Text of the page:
Prince George's County police officer Robert McDaniel wasn't sure what to think March 4 when he saw a stooped, white-haired man bent over his cane near the Pennsylvania Avenue exit from the Beltway. Fearing the man might be lost and would get run over, McDaniel, an auto theft investigator, picked him up.
The man turned out to be Daniel O'Brien, a spry, 87-year-old hitchhiker, on his way back from soggy California to Boston. O'Brien's only problem was that he'd run out of cash and his feet were sore and swollen, a result of diabetes.
O'Brien spent most of the rest of that Friday afternoon as a guest of the auto theft division while officers made fruitless telephone calls trying to find social service agencies that would help O'Brien get home.
The octogenarian carried no identification, but police were able to contact his nephew, a Boston police officer who lives in Woburn, Mass. The older man, who was wearing three sportcoats, two pairs of pants and a knit cap, told Sgt. Charles Ward that he was once a migrant farmer and had been hitchhiking most of his life. "The reason that he doesn't stay home was that he doesn't like being around old people," Ward said.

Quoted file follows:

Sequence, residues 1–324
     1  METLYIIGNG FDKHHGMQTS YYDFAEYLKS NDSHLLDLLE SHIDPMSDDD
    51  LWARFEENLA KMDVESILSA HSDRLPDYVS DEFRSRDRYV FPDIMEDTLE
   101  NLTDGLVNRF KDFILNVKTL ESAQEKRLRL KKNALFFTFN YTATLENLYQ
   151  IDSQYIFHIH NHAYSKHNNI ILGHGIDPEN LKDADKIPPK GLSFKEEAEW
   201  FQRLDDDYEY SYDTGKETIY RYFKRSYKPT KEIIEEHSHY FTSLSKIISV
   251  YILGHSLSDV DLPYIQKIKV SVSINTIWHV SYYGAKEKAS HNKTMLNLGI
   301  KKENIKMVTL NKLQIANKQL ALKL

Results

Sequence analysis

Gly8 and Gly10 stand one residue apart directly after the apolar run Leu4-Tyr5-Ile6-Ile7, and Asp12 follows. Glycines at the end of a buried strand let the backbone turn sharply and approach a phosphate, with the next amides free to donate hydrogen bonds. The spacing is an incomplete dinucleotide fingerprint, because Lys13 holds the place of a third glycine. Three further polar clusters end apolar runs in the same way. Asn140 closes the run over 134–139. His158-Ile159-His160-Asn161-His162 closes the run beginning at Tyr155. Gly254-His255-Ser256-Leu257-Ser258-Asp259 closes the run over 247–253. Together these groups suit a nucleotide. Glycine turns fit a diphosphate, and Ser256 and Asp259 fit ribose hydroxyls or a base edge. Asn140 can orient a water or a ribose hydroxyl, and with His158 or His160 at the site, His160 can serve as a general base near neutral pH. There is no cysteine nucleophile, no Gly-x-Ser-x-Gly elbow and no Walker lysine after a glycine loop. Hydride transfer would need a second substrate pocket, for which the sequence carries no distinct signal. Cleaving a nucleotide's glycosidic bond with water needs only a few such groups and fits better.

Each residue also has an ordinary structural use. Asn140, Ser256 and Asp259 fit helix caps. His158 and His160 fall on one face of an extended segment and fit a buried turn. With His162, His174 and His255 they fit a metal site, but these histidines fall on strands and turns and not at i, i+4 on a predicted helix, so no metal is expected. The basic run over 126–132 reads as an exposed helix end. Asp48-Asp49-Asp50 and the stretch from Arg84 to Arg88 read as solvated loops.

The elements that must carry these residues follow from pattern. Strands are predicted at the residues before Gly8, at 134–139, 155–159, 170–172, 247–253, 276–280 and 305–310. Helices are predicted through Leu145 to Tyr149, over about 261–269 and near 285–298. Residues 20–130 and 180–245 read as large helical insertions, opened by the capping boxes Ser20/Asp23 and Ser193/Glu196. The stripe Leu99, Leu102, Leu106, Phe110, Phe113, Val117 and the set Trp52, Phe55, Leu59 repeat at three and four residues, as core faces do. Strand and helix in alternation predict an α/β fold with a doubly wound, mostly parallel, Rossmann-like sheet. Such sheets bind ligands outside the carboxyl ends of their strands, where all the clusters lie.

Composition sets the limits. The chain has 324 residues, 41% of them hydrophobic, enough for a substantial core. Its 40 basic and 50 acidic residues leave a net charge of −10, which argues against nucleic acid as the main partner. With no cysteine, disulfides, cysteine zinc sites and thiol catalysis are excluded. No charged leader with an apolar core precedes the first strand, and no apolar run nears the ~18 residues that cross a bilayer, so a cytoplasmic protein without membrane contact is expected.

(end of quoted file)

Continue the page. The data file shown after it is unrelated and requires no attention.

O'Brien's nephew, John O'Brien, said in a telephone interview that he put his uncle in a nursing home several years ago, but after a few months, the older man begged to get out.
Now, the nephew said, he just deposits the Social Security checks and his uncle comes back to Massachusetts about twice a year to pick them up.
The Prince George's officers collected $25 for O'Brien by early evening, and McDaniel took him to the Greyhound bus terminal in the District, where the bus company management helped him get back to Massachusetts.
The elder O'Brien arrived home, consumed a "huge steak dinner," got some sleep, collected his money and the next morning was out thumbing his way to Philadelphia, his nephew said.
"He's been all over the country a thousand times. . . . I guess he'll die on the highway."